On 2017-01-11 12:02, Guenter Roeck wrote:
> On 01/11/2017 12:11 AM, Rasmus Villemoes wrote:
>> On 2017-01-10 19:08, Guenter Roeck wrote:
>>> On Mon, Jan 09, 2017 at 04:02:32PM +0100, Rasmus Villemoes wrote:
>>>> +static unsigned open_timeout;
>>>> +module_param(open_timeout, uint, 0644);
>>>> +
>>>> +static bool watchdog_past_open_deadline(struct watchdog_core_data
>>>> *data)
>>>> +{
>>>> +    if (!open_timeout)
>>>> +        return false;
>>>> +    return time_is_before_jiffies(data->open_deadline);
>>> Doesn't this return true if the time is _before_ the open deadline ?
>>> Should it be time_is_after_jiffies() ?
>> Yes, time_is_before_jiffies(foo) means foo < jiffies, and that is what
>> we want when we're querying whether we've passed the deadline.
> So you want the function to return true if the timeout has _not_ expired ?

No, I want it to return true if the timeout has expired, just as its
name hopefully suggests ("are we now past the deadline for opening").

time_is_before_jiffies(foo) expands to time_after(jiffies, foo), which
in turn expands to (aside from some type checking)

(long)((foo) - (jiffies)) < 0

which is true precisely when jiffies > foo, i.e., when the current time
is later than foo. [Yes, just as every other user of the time_* helpers
this only works if the times being compared are within LONG_MAX jiffies
of each other.]

> [ Can you try to work with line wraps ? ]

Sorry about that, I hope I've now managed to make Thunderbird not mess
it up.

> Uuh, no. I didn't realize that you apply that case to the "userspace app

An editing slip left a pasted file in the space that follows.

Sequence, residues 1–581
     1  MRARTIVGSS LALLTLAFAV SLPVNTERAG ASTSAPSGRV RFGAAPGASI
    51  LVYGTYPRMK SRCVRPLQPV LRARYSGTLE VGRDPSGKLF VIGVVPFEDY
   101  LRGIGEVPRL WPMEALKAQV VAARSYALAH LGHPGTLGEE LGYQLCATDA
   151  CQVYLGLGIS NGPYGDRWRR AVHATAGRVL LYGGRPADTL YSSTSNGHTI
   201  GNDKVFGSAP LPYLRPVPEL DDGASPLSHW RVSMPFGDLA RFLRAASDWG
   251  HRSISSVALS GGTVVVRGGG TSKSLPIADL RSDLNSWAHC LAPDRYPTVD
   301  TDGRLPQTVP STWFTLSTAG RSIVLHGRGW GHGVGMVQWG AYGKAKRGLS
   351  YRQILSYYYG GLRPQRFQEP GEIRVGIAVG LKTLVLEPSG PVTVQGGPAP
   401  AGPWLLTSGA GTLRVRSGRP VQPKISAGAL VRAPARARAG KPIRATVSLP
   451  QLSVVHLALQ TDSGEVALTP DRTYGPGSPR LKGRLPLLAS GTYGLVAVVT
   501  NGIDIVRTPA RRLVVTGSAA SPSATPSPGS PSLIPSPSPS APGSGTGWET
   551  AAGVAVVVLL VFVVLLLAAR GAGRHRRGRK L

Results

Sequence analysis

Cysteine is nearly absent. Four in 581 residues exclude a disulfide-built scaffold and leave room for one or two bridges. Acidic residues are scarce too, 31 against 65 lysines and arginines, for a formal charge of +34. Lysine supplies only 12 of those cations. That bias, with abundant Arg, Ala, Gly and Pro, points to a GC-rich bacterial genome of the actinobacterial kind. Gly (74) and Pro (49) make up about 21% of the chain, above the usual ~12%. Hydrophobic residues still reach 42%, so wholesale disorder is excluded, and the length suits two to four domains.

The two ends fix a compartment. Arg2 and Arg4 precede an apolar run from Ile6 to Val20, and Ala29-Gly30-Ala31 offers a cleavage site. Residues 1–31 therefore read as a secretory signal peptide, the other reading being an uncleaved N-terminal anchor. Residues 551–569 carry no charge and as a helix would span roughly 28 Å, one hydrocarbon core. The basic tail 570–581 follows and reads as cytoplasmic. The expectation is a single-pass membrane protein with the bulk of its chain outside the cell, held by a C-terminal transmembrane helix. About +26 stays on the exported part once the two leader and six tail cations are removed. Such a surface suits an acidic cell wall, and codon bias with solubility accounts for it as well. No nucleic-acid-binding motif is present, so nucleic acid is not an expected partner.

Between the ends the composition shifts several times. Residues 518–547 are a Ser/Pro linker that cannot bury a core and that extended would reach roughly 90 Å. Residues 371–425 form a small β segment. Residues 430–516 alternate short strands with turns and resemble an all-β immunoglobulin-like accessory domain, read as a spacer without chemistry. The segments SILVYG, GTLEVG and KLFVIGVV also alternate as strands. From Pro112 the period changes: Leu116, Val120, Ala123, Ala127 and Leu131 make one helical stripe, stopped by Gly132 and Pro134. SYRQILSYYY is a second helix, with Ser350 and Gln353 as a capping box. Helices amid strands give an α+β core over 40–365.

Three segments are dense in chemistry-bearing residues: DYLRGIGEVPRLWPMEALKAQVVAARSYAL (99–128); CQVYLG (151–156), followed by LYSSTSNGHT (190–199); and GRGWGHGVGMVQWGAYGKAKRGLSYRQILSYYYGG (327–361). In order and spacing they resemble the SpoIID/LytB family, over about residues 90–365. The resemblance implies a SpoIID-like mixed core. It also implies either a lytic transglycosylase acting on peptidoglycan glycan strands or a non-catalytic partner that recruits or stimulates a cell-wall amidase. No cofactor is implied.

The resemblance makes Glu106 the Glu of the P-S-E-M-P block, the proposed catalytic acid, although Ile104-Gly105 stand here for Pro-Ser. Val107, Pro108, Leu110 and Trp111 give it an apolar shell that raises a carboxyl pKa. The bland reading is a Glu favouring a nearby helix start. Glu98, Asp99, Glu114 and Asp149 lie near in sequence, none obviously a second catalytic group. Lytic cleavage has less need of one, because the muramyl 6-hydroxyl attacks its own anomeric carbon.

> gracefully
> closes the watchdog device" case as well. This is clearly a separate use
> case.
> Looks like there are now three use cases for 'open timeout'.
> - time after boot
> - timer after loading the watchdog device
> - time after closing watchdog device and before reopening it
> I would have thought the first use case is the important one, and the
> other ones are,
> at best, secondary. Given that, we are clearly not there yet. This will
> require input
> from others on the semantics.

I agree, it would be nice to have others chime in on whether they'd even
find this useful, and what semantics they'd like.

But for the record, for us, both the "time after boot" and "time after
closing" are important use cases. In practice, approximating boot time
with time of first registration effectively just pushes the deadline a
little further out, which I think is acceptable (boot time anyway means
"when timekeeping began", and even when the deadline is passed, it takes
up to whatever the hardware is configured to before the board actually
resets, so there's already some slack involved). If one really wants to
measure with respect to boot time, I think one can just make
set_open_deadline take an additional "from" parameter, passing
INITIAL_JIFFIES from watchdog_cdev_register and jiffies from

(That won't work for the hotplug case, but please ignore that; it was a
bad example, and certainly not a use case we actually have in mind).


Rasmus Villemoes
Software Developer
Prevas A/S
Hedeager 1
DK-8200 Aarhus N
+45 51210274

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